Pick Your Overlord

I’ve had many overlords in my life. In high school, it was a collective of some 30 or so teachers, all of whom I had to please in some year or other. In college, that number grew larger and extended to professors, teaching assistants, exam graders, and fellow students affecting group work evaluations — except I knew most of them a lot less than I knew my high school teachers.

As an intern at BMW, I had 4 bosses, all of them kind but one of them difficult. When I became a coach, I had up to 50 overlords at any one time: my clients, all of them wonderful but every one with different needs and expectations. On Medium, Quora, and Four Minute Books, my overlords became individual algorithms no single individual could fully understand. Whether it was a recommendation or a search engine, fickle machines are always hard to satisfy.

The list goes on and on. From platforms to editors to customers, there’s always someone you’ll have to make happy in order to get your money. The question is who — or what — is it, and how fragile is the system of feudality you find yourself in?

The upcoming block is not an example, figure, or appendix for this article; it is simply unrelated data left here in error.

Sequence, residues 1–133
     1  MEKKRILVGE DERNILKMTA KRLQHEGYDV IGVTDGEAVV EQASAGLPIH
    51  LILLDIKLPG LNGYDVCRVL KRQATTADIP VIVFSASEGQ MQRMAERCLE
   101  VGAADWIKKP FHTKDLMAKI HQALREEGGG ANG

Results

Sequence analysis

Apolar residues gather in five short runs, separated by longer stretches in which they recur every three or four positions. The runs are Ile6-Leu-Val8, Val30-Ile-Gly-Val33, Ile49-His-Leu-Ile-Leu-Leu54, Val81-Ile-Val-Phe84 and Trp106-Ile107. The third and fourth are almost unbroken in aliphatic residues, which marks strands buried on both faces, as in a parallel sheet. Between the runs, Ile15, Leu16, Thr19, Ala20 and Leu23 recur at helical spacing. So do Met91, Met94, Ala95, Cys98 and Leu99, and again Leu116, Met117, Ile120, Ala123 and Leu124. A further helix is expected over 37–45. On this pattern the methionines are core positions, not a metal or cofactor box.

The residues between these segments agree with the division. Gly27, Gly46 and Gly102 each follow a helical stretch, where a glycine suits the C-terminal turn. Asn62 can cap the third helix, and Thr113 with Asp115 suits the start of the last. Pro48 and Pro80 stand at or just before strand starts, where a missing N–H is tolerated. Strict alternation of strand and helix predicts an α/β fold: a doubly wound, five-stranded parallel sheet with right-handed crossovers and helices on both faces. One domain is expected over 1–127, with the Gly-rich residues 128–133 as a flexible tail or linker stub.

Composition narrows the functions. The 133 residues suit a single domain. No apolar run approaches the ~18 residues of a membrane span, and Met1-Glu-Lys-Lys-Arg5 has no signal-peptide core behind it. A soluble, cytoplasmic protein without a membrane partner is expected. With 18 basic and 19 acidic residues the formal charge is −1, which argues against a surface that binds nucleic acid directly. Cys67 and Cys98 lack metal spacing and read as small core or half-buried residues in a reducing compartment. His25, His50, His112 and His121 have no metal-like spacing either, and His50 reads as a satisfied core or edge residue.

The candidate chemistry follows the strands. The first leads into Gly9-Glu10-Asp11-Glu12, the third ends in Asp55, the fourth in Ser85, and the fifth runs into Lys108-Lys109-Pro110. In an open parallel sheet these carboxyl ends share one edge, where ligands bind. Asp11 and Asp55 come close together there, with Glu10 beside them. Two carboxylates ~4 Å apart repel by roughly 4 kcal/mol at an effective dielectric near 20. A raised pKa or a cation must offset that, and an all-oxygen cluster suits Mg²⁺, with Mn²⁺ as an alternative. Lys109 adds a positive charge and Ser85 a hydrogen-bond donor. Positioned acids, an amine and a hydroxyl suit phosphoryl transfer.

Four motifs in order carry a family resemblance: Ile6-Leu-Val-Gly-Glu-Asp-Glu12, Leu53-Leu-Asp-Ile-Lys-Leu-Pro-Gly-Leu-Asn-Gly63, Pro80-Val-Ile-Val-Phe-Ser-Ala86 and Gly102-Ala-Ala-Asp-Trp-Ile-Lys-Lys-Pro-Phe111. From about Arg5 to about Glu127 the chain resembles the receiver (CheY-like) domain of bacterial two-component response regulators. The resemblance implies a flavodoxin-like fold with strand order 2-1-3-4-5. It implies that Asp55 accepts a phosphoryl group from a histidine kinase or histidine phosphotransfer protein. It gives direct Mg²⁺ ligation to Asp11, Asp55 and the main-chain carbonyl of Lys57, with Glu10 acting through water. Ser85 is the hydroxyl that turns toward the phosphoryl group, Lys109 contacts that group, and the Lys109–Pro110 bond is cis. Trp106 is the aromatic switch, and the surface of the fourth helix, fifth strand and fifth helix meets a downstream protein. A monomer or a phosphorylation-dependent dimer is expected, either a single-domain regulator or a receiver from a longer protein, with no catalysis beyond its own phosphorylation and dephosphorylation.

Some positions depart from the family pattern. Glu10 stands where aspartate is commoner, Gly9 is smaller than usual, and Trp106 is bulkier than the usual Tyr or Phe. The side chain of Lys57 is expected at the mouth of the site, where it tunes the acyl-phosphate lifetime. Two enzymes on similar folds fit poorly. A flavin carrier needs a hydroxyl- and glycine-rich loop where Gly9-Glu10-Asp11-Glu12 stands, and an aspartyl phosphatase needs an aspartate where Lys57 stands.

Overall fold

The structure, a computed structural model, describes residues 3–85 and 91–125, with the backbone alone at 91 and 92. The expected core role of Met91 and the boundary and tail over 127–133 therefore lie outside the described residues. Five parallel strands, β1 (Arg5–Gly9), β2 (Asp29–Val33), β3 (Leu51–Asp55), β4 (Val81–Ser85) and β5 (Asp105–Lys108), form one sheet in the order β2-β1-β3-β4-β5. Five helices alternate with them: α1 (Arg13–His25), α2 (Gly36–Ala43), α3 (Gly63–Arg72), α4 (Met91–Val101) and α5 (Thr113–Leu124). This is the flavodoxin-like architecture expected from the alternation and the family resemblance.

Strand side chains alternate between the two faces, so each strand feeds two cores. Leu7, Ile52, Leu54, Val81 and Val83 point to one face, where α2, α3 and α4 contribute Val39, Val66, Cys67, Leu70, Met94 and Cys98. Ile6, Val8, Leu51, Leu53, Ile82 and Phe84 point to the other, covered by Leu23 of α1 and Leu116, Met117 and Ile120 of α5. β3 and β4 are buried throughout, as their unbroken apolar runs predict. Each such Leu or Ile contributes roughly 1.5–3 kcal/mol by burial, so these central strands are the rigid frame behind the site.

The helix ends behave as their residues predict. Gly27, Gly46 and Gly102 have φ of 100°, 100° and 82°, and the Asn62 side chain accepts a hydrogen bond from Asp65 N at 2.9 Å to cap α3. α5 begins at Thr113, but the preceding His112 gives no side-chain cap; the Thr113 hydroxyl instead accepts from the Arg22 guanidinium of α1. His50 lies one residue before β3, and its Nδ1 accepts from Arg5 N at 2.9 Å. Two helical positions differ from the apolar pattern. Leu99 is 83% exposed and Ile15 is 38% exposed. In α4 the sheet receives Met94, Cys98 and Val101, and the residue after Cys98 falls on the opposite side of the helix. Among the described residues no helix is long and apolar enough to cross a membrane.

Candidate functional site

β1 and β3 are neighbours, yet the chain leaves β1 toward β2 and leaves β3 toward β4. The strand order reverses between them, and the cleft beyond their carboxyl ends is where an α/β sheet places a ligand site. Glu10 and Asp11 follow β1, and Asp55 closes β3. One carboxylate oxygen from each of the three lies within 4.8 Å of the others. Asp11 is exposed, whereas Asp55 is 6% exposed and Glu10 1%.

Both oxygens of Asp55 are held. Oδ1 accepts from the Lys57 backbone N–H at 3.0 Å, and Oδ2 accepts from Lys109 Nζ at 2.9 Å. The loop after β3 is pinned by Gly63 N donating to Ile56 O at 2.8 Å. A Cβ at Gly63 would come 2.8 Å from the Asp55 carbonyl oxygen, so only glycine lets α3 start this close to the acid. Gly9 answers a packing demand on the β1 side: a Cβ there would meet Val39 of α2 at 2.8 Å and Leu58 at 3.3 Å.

While it comes with its own challenges, I’ve always enjoyed the diversity and control of selling my own products. Whenever a customer wasn’t happy, I could always refund them. Whenever a customer was rude, I could not do business with them. Often, having many overlords is better than having just one. Everyone is moody, including algorithms, but that way, it takes more than any one entity’s bad temper to crush your spirit and wallet.

There is no life without overlords, mind you. The point is to find one, or some, that don’t oppress you. A master can be a beautiful friend. Pick your overlords wisely, and if you find you’ve picked wrong, well, then go out and pick again. It’s all hard work around here, but some bosses deserve our dedication more than others.